‘Breakthrough Cases’ Of COVID Emerge In Washington And Idaho, But That’s Not Surprising

A person gets a COVID-19 vaccine shot at mass clinic in Spokane. Health officials say "breakthrough cases," where those who had the vaccine later get infected with the disease against which they're inoculated, are rare, but can still happen with any vaccine. Courtesy of CHAS Health
A person gets a COVID-19 vaccine shot at mass clinic in Spokane. Health officials say "breakthrough cases," where those who had the vaccine later get infected with the disease against which they're inoculated, are rare, but can still happen with any vaccine. Courtesy of CHAS Health

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BY REBECCA WHITE / SPR

A small percentage of people who’ve been vaccinated in Washington and Idaho have become infected with COVID-19. Health officials say that’s not a sign the vaccine doesn’t work, or that people should cast aside public health guidelines.

Dr. Francisco Velazquez, Spokane County’s interim health officer, said the vaccine does what it’s designed to do, prevent serious cases. He said vaccines don’t stop everyone from being infected. 

“The immunization is not a passport to total freedom,” he said. “It’s actually a preventative measure that will prevent you from getting really sick, it prevents 100% of the mortality and in some ways, according to some of the literature, it does decrease the potential of transmission to others.”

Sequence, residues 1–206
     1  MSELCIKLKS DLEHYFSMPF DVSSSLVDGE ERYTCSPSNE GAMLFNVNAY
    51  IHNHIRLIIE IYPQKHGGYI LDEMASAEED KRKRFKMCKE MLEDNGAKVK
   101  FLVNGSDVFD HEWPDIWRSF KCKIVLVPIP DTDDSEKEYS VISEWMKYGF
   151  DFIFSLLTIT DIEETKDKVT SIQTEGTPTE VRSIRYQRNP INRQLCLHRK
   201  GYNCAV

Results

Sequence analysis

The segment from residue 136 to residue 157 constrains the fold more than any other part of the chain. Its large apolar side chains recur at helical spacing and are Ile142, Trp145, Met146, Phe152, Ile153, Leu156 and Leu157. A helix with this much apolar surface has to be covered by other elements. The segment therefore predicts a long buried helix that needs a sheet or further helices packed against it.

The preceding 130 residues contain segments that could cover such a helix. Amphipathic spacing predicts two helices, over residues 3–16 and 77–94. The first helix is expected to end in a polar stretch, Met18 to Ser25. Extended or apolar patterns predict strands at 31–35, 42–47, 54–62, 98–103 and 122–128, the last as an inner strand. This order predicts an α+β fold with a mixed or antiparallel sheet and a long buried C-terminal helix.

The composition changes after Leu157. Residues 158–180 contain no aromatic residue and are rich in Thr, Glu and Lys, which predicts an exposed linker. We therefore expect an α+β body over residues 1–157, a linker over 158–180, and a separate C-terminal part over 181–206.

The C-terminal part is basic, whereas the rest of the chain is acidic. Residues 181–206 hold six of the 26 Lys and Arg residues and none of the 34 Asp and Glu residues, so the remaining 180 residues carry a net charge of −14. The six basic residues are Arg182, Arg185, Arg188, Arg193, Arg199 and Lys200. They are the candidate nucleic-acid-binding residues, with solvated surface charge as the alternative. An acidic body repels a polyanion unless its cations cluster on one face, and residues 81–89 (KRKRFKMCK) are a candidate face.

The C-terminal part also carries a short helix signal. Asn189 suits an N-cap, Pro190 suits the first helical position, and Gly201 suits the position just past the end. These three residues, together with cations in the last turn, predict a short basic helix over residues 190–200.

Though about 102 breakthrough cases, a vaccinated person getting the infection, have been detected in Washington, he said none of those are in Spokane County.

“We have a couple anecdotal cases that are being investigated,” he said, “but we don’t have any documented cases in Spokane County.”

According to a state release, the break through cases represent about .01% of people who are vaccinated.

In Idaho there are 97 breakthrough cases.

Dr. Kathryn Turner, Idaho’s deputy state epidemiologist, said three of those people had other medical conditions and needed hospitalized. Most of the rest of those cases were very mild.

“Half of these infections have been asymptomatic, meaning the people we talked to reported they had no symptoms and they were tested for reasons other than illness,” she said. “maybe part of an ongoing testing at their workplace or because they were a close contact to a known case and thought they should be tested.”

Health officials are urging community members to continue to take precautions, especially going into Passover, Easter and spring break, a time where cases are anticipated to spike.

Copyright 2021 Spokane Public Radio. To see more, visit spokanepublicradio.org

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